Cyndi was at the height of her powers here and the video plays with the concept of the film, yet it peppers it with cameos from the films cast, Steven Spielberg and her wrestling connections. Being twelve minutes long the video was split over two parts in order to tell the story.

 

 

 

 

So as it’s another lazy Sunday why not sit back and enjoy twelve minutes of a lost classic why remembering why the Goonies was (and is) such a great film!

 

 

Cyndi Lauper – The Goonies ‘R’ Good Enough

 

 

November 2014

 

 

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If there is better way to spend a Friday night than in a pub with friends watching local bands, I need to be informed what it is. This is exactly how I spent last night. Ealing is most famous for the film industry, but if it wasn’t for Ealing then rock and roll would have turned out differently. It’s in the boroughs DNA. The Rolling Stones met at the Ealing Jazz Club. Jim Marshall had a little shop and redefined the amplifier. Led Zeppelin used to rehearse in Ealing (well, Hanwell). Over recent years the live scene has floundered under the hipness of East London, but this is starting to change now. There appears to be a shift and people are looking West to the home of rock!

 

 

Last night three brightest lights in this new wave of bands took to the stage at the Drapers Arms. First up was the Chris Sagan Project. Last year Sagan released the excellent This Machine EP. It was chocked full of gems, so I was interested to see how these songs would translate to live. The set was stripped down to the basics, guitar, drums and vocals. As it was an intimate venue, the songs took on a personal vibe. Special credit has to be given to the clarity and power of Sagan’s voice and how he is able to sustain a note perfectly.

 

 

Next up was Jacob and Goliath. This trio (although only two performed) have been making waves over the last few months. They took part in Burberry’s acoustic series and their Eyes Conveyed single in June further showcased their talents and sound. Last night was no exception. Sounding somewhere between Mumford and Sons and the XX, they showcased their ability in song writing and musicality. One of the highlights of their set was their cover of the Johnny Cash classic Folsom Prison Blues.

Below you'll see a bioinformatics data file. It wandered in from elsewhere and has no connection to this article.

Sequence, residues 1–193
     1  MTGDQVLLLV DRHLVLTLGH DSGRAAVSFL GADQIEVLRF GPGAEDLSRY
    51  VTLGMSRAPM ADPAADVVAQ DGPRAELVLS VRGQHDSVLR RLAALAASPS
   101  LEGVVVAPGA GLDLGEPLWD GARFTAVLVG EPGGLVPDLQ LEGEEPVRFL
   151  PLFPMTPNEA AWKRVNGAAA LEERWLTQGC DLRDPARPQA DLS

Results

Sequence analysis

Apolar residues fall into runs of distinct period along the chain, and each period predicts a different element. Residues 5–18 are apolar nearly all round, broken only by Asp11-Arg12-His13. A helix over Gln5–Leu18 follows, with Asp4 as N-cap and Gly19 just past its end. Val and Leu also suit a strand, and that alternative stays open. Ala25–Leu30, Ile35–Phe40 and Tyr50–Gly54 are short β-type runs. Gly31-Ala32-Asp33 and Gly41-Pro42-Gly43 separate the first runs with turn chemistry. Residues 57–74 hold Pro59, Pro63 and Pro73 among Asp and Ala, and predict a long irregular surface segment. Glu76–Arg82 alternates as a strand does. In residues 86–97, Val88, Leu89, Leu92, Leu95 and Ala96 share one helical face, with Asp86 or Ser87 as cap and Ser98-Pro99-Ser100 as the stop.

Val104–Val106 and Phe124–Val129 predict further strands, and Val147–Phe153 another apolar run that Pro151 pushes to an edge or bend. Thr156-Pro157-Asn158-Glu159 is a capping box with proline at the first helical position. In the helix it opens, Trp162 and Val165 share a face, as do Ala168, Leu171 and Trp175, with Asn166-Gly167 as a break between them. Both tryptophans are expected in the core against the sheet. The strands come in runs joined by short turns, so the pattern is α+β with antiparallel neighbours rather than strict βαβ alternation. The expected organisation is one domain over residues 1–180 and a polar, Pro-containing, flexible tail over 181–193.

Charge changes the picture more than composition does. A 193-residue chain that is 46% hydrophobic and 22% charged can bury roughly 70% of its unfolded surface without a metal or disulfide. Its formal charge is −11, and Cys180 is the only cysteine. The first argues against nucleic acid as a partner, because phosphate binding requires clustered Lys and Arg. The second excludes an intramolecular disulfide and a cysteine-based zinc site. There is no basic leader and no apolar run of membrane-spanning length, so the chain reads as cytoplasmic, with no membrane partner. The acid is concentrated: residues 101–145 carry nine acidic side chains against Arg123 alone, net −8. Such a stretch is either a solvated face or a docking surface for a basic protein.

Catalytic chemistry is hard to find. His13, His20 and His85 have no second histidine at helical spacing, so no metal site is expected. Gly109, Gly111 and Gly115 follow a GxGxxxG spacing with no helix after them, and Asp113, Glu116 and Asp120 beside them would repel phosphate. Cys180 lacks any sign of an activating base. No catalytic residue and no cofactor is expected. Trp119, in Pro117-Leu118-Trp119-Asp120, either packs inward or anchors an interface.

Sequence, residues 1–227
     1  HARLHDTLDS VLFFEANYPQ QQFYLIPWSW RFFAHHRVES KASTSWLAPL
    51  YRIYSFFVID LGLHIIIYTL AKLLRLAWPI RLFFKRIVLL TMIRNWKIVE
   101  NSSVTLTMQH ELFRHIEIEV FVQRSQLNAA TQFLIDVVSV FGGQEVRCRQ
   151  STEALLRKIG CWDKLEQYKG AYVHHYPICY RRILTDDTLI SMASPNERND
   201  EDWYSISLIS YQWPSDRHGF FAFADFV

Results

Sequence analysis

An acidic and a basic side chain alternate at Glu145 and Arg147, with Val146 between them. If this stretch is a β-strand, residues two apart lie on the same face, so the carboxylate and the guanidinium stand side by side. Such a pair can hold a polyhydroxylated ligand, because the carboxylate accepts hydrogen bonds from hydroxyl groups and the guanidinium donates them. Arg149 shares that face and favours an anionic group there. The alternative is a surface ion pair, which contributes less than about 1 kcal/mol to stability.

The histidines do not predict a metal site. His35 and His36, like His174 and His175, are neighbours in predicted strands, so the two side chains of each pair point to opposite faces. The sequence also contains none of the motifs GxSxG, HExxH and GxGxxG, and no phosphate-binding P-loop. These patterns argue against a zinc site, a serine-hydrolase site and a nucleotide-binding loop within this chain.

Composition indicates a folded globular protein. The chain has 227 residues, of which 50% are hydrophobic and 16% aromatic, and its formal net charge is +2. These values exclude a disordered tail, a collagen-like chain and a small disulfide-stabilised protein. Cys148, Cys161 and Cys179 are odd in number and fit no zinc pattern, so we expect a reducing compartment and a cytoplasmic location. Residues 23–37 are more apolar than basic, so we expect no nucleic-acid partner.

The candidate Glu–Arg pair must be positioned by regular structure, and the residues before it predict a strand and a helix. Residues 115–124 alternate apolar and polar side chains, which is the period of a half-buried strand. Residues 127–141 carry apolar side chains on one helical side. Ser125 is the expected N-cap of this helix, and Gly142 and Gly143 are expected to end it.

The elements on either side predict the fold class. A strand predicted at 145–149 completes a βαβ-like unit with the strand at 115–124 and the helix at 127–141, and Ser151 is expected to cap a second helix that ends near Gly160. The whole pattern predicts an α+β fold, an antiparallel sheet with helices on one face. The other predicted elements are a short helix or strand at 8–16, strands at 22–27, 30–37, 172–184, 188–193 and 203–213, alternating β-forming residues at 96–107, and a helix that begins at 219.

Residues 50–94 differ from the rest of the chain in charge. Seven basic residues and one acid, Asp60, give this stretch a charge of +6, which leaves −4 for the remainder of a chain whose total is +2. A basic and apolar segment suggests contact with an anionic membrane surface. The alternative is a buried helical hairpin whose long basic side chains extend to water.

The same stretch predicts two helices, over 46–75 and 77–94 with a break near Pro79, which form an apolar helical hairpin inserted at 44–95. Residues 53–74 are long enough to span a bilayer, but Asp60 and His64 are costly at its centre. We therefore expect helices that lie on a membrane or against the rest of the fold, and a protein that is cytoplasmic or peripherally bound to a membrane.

The last band to perform was the Francis Gahan Band. This five piece band play a version of the blues that is influenced by the delta bluesmen of the 1920’s and 1930’s. Opening with a version of Leadbelly’s Where Did You Sleep Last Night, they showed that not only could they match his playing, but the intensity of his vocals. Next up they tackled St. James Infirmary. This is another blues standard, but they nailed it too. After two powerful songs like this, the rest of the set seemed a bit flat. I’m not saying that their own songs are bad, far from it, but compared to these incredible songs it didn’t live up to the initial blast. The crowd didn’t seem to mind as they were going mental for the whole set. I’d like to see them tackle some Son House, Pink Anderson or, dare I say, some Gomez, as I feel they could breathe some new life into old songs. Special mention should be given to the sound man Martin Bonner (of another West London band the Chairs). After some initial teething problems he managed to kerb his inner Kevin Shields and pulled a great job!